You know, it begins as a very accessible, interesting, you know, great-for-summer read, and then you're pulled in to this incredibly moving meditation on male friendship. And also, I mean, as we've been talking about fluidity, race and gender and sexuality are pretty fluid over the course of the book, so, you know, some characters who maybe at the beginning you assume are straight, perhaps that's complicated later on.
CORNISH: Is there a sense that come summertime, you don't necessarily want to read a longer book, or do you think that this is the time to break it down into little bits and make your way through it without guilt?
JONES: Right? For me, I like to read longer books over the summer. You have a bit of leisure. You can kind of come to a book and go away. Often, I'm the kind of person that's reading several books at a time.
CORNISH: You read several books at once.
JONES: I do. I do. I'm so unfaithful.
CORNISH: What does that look like?
JONES: Well, I have a huge dangerous pile that I'm always tripping over of books by my bed and more books in the living room. And I'm just kind of picking them up, and usually, I just put one or two books in my bag a day.
CORNISH: It's also making me feel better because I feel deep guilt for not reading books straight through.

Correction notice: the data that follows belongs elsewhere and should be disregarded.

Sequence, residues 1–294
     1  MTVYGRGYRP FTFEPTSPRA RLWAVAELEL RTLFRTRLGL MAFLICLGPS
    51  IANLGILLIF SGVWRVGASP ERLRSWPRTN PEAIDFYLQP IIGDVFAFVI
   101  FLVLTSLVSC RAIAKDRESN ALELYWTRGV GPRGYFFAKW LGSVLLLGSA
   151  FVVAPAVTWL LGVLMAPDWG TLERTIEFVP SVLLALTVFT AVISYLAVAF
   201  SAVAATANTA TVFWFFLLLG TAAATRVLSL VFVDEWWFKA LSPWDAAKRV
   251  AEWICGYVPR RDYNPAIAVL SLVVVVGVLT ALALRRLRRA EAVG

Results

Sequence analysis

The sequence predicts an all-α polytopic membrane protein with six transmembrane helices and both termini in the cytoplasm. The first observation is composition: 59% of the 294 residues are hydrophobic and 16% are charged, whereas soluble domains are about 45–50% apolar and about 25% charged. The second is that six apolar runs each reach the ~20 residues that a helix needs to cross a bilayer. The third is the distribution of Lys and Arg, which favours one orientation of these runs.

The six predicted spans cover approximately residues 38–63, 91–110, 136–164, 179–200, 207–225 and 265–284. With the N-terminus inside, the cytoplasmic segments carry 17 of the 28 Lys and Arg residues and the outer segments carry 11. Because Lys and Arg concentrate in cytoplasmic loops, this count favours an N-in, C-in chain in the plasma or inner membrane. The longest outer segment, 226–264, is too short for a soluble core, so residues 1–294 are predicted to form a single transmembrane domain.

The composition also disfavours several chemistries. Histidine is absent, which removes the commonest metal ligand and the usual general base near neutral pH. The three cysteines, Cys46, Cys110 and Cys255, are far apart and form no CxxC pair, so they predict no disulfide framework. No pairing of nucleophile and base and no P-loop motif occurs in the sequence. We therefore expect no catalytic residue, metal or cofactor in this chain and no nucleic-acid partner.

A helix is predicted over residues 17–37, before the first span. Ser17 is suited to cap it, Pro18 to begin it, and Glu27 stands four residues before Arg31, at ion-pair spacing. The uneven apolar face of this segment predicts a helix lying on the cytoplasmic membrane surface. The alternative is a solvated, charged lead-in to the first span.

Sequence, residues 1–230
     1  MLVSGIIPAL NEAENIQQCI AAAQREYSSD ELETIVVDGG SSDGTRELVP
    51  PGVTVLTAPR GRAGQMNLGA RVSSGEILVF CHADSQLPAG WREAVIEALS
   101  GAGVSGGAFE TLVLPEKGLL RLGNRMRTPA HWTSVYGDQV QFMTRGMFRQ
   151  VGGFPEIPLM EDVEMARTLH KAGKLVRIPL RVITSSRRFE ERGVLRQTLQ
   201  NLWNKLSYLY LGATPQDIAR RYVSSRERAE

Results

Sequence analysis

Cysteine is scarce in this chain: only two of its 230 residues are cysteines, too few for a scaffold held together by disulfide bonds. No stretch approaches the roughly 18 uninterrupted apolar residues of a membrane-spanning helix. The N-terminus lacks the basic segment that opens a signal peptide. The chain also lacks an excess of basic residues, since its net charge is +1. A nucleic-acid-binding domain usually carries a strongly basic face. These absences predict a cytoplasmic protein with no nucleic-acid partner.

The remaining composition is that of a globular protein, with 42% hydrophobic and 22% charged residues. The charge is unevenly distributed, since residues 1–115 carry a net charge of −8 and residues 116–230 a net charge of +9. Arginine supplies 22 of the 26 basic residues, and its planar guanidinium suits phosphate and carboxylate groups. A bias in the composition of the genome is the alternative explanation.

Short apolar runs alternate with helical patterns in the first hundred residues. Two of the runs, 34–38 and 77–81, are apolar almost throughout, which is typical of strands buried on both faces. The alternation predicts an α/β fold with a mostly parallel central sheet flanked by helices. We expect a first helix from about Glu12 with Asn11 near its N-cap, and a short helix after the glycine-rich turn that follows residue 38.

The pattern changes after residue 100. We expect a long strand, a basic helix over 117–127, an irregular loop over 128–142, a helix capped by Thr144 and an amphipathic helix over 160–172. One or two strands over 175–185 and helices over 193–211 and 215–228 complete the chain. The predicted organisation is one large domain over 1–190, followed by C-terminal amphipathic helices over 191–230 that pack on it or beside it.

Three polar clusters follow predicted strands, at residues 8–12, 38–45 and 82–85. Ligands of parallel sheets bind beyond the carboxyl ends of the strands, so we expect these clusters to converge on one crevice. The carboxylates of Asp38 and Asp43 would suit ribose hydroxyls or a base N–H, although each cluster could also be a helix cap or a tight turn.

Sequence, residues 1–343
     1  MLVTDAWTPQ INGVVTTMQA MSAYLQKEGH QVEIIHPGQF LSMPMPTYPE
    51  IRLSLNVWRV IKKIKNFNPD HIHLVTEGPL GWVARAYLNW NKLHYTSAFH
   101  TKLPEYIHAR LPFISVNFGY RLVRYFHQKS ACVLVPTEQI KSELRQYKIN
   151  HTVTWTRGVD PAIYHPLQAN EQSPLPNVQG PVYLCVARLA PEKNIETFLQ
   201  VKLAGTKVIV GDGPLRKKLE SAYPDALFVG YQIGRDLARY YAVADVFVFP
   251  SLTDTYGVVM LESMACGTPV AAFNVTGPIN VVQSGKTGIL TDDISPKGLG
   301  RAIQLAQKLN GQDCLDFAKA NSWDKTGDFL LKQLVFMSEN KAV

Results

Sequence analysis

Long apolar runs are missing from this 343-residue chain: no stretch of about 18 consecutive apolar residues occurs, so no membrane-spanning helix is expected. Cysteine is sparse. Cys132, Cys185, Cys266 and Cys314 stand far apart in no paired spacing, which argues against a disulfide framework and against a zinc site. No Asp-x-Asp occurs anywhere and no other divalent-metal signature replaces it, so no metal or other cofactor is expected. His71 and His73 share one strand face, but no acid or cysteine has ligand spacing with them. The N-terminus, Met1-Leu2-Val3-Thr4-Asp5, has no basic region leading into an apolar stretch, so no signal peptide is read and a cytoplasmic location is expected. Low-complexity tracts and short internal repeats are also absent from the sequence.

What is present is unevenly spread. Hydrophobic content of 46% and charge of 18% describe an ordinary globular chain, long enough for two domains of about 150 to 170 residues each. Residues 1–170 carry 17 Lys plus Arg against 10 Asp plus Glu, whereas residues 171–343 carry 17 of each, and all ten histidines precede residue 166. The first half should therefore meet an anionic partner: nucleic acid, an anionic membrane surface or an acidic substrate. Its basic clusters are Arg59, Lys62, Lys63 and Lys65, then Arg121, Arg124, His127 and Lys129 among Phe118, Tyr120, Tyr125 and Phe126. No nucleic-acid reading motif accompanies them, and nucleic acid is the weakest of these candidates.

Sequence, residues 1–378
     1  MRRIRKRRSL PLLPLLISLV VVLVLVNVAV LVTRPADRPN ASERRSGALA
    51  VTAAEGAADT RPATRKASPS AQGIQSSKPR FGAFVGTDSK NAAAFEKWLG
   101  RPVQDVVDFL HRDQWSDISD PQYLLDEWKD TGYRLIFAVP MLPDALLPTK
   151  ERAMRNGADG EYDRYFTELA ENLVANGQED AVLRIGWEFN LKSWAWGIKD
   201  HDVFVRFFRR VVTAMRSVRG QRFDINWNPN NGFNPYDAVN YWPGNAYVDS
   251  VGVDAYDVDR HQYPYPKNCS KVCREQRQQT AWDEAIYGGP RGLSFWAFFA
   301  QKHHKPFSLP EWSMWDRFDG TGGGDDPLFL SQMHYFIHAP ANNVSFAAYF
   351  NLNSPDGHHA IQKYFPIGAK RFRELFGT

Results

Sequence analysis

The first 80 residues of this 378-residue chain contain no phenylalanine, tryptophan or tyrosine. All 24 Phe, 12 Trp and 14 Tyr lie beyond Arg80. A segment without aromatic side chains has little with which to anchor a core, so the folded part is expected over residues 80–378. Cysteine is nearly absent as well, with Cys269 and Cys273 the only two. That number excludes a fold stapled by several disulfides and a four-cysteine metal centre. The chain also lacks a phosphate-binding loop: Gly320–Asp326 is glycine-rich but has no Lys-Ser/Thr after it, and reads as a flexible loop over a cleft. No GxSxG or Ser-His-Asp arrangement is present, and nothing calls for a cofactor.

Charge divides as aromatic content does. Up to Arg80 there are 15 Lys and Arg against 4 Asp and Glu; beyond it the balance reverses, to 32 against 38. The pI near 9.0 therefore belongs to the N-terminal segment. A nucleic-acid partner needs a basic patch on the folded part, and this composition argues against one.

CORNISH: I feel like I'm cheating on one book if I open another. You're giving us all permission to do that.
JONES: Oh, I'm so big on giving permission. I notice people bring a lot of guilt to reading. People often feel embarrassed that they're not familiar with some classic or they're late on some book that everyone is talking about at the moment. I really believe that books come to you when you and the book are ready to be together. And so sometimes that means you have to kind of take a moment and step away. That's what's great about books. You're always on time. You're always on time.
CORNISH: Well, Saeed Jones, thank you so much for speaking with us, and thanks for sharing your picks.
JONES: It was a pleasure.
CORNISH: Saeed Jones - he's literary editor for Buzzfeed and author of the poetry collection "Prelude To Bruise."